DUCKWORTH: Wait, let me you question: if you went to Mark and you were worried about something that was going to happen in the future — like, freaking out about whether it was going to actually happen, go poorly, or whatever, what would Mark say? And what would Mark feel, you think?

MAUGHAN: I don’t know for sure, but I think he would say, “Man, that’s really hard that you’re worrying about that. That’s really tough to have to consider all those things.”

DUCKWORTH: So, I would say that is sympathy. Because what empathy would be is: “Oh my God! Oh s***, it’s going to happen — like, oh God, what are we going to do?”Right — because.

MAUGHAN: Right, they feel it with a panic with you. 

DUCKWORTH: Because, empathy would be, like, “Oh, “I’m also panicked.” I mean, I think that’s why psychologists have found it useful. I’m not saying everybody has to find it useful. And by the way, in everyday language, when I say, “Hey, I think it’s important to hire people who are empathic as well as gritty,” I don’t think C.E.O.s are like, “Well, do you really mean empathy, or do you really mean sympathy?” The word “empathy” actually is more common. I mean, Karina was like, “Oh, I think sympathy gets a bad rap.” But interestingly, Karina, empathy is the word I think that, like, most people use to kind of include both. But interestingly, I was looking this up after getting Karina’s email, and it turns out that the word “sympathy” and the word “empathy,” the etymological roots — I mean, they both have “pathos” or “path” in it, and that’s “feeling.” So, there’s feeling in both empathy and sympathy. And then “sym” comes from the root for “with.” So, like, you know, “I can feel with you.” Some people would argue that would have been a better word for empathy. But what’s really interesting is that the word “sympathy” goes back to the 16th century, but the word “empathy” actually only goes back a hundred years. So, empathy is, like, a newcomer. Like, when you go to Hallmark cards, you can buy a sympathy card, but you can’t buy an empathy card, right? The modern English usage, which is now prolific — like, we’re all using the word “empathy” these days much more often, I think, than we’re using “sympathy” — goes actually back to this German word, which I will not pronounce correctly, but like, “Einfuhlung,” and that is, like, to transport yourself into somebody else’s feeling. So anyway, what’s interesting is they both have feeling in it. And I think this “empathy” phrasing that seems to have developed over the last century has just kind of overtaken everything. And so, I don’t think if I, like, stood up and said to a C.E.O. like, “Hey, in addition to grit, make sure you’re hiring people who have sympathy” — like, that just wouldn’t sound right to them. Like, it doesn’t sound like a capacity the way empathy does.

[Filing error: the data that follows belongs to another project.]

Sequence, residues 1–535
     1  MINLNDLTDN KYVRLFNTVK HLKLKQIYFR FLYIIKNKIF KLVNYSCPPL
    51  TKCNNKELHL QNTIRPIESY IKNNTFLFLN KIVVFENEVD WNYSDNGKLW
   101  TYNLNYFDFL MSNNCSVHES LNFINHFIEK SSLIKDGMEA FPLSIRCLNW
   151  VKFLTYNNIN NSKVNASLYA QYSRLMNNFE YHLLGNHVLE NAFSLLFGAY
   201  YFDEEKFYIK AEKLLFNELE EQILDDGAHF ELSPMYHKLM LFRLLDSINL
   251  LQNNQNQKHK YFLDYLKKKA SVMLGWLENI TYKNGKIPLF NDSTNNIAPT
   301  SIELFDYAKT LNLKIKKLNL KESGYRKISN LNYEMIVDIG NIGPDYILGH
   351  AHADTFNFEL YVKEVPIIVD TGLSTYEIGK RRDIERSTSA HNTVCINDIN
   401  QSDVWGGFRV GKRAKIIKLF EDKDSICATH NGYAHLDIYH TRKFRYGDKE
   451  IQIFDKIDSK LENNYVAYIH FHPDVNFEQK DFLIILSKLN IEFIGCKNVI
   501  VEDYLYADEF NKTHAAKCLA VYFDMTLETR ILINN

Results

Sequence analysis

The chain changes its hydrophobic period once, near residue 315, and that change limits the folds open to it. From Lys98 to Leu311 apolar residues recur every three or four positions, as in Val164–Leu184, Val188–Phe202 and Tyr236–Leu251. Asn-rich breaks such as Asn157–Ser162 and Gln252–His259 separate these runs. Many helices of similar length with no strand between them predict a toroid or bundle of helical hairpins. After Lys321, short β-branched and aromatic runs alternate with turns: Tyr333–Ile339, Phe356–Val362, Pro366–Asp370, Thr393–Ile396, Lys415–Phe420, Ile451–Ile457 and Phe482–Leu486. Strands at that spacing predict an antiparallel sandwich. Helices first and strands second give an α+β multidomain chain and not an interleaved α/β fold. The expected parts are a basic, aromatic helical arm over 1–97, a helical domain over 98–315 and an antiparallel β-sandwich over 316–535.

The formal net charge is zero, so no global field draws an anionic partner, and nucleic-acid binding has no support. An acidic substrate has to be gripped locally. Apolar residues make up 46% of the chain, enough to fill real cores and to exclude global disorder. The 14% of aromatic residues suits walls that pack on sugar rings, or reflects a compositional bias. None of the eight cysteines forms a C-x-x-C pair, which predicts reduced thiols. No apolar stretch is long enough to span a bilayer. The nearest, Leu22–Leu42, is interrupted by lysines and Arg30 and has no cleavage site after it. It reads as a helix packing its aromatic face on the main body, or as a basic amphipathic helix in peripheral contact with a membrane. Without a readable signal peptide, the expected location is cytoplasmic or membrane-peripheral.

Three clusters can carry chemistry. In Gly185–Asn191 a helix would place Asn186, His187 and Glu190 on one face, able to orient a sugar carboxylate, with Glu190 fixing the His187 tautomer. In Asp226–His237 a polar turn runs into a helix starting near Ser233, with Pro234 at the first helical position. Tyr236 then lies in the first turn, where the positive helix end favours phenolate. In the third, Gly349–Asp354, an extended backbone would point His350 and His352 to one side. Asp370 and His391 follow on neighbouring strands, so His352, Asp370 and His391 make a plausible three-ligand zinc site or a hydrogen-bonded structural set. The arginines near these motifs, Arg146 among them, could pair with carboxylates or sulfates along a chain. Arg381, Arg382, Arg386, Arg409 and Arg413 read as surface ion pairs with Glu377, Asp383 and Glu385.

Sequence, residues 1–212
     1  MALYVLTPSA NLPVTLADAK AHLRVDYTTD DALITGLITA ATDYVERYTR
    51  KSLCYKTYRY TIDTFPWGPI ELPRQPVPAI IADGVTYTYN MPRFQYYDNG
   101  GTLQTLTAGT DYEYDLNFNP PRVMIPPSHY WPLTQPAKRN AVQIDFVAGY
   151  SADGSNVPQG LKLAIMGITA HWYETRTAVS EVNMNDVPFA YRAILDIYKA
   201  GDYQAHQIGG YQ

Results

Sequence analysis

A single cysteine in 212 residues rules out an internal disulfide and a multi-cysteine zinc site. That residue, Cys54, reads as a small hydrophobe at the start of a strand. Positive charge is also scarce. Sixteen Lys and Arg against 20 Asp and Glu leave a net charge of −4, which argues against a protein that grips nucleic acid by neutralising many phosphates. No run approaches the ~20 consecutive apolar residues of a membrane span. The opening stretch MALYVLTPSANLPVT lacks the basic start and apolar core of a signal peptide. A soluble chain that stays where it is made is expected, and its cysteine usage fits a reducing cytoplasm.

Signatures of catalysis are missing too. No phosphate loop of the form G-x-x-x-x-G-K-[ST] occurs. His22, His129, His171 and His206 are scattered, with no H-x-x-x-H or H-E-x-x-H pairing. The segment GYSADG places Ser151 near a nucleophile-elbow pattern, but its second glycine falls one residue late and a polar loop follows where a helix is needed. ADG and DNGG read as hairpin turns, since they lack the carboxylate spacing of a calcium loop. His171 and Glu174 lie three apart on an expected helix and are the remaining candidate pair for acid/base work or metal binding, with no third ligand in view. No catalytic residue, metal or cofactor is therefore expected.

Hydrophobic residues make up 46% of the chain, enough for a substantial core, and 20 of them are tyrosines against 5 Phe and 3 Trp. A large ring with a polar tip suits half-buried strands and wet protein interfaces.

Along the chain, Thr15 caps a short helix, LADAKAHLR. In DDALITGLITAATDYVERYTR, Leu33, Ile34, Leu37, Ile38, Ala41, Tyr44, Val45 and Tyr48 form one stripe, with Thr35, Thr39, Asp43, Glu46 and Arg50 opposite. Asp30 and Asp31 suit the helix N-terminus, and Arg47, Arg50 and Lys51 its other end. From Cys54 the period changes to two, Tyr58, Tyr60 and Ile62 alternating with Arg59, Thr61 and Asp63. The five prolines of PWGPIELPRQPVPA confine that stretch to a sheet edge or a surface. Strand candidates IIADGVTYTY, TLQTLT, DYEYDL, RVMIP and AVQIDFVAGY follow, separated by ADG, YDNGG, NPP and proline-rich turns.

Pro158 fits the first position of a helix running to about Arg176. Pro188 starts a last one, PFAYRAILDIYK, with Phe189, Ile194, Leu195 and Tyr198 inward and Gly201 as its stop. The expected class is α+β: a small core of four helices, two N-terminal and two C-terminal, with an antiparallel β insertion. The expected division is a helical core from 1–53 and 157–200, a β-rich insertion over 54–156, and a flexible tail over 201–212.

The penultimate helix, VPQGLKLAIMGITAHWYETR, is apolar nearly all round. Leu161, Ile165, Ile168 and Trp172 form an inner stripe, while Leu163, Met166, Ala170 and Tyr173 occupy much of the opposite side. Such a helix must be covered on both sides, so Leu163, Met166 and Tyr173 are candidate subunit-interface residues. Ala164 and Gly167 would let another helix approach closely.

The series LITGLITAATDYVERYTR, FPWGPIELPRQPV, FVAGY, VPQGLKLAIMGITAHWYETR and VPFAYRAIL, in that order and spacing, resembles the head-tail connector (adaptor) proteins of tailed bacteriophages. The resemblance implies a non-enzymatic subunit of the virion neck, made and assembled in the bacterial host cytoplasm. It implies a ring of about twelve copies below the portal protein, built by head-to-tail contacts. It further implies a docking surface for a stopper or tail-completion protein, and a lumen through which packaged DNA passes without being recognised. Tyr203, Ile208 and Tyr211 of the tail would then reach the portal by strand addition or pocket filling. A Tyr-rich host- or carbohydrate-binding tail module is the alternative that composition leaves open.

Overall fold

MAUGHAN: Let’s say that it is important to distinguish the difference. There’s a professor of psychology at the University of Toronto named Paul Bloom. Are you familiar with Paul? 

DUCKWORTH: I know Paul.

MAUGHAN: So, he wrote a book, which you may have read, called Against Empathy. So, where do you think he falls on the spectrum?

DUCKWORTH: This, I know, because I know — I know the book. He’s a very famous psychologist. He’s very famous for his work on children, on development of moral emotions — so, like, when and how do children develop emotions like guilt, and shame, and pride, right? These are moral emotions. They’re thought to keep you from doing psychotic, antisocial things — like, killing your siblings in the crib.

MAUGHAN: Way to go to something really chill.

DUCKWORTH: Well, you know, that is why some would argue these emotions develop around two and three, because it’s around the time that your mother has another kid. And when you think about it in, like, cold-hearted evolutionary terms, it’s, like, better for you to survive and get all of your mother’s attention than to have this sister or brother come on the scene and dilute the attention and the resources from your mom. But that’s a theory about why you start to feel things that prevent you from doing terrible things. So, that’s what moral development research is about. And that’s — Paul Bloom is now kind of famous for lots of things, but I remember when this book came out because I was talking to a friend about empathy, and I got into an argument. I’m not even going to tell you who this person is because it was such a terrible argument that I sent, like, six emails afterwards. I felt so terribly. And then, actually she didn’t answer them, and then I felt really terribly. And then it turns out she didn’t get them. But in this argument, I said to her, like, “I don’t really know how much a person can truly empathize with another person.” Empathize. Not sympathize, but empathize. I said to her, like, I think we have profound limits on empathy. Like, you come to me, and you’re panicked, or you feel like you’re left out, or, you know, you have imposter syndrome, whatever, and you tell me, like, how much can I really feel? Like, you’re hungry. Can I feel your hunger? And I was like, “I don’t think we can.” And then, she argued the opposite, and it was, like, this super heated argument, and then I left her office, and then I sent her six emails that she didn’t answer. But anyway, that was around the time that Paul wrote his book.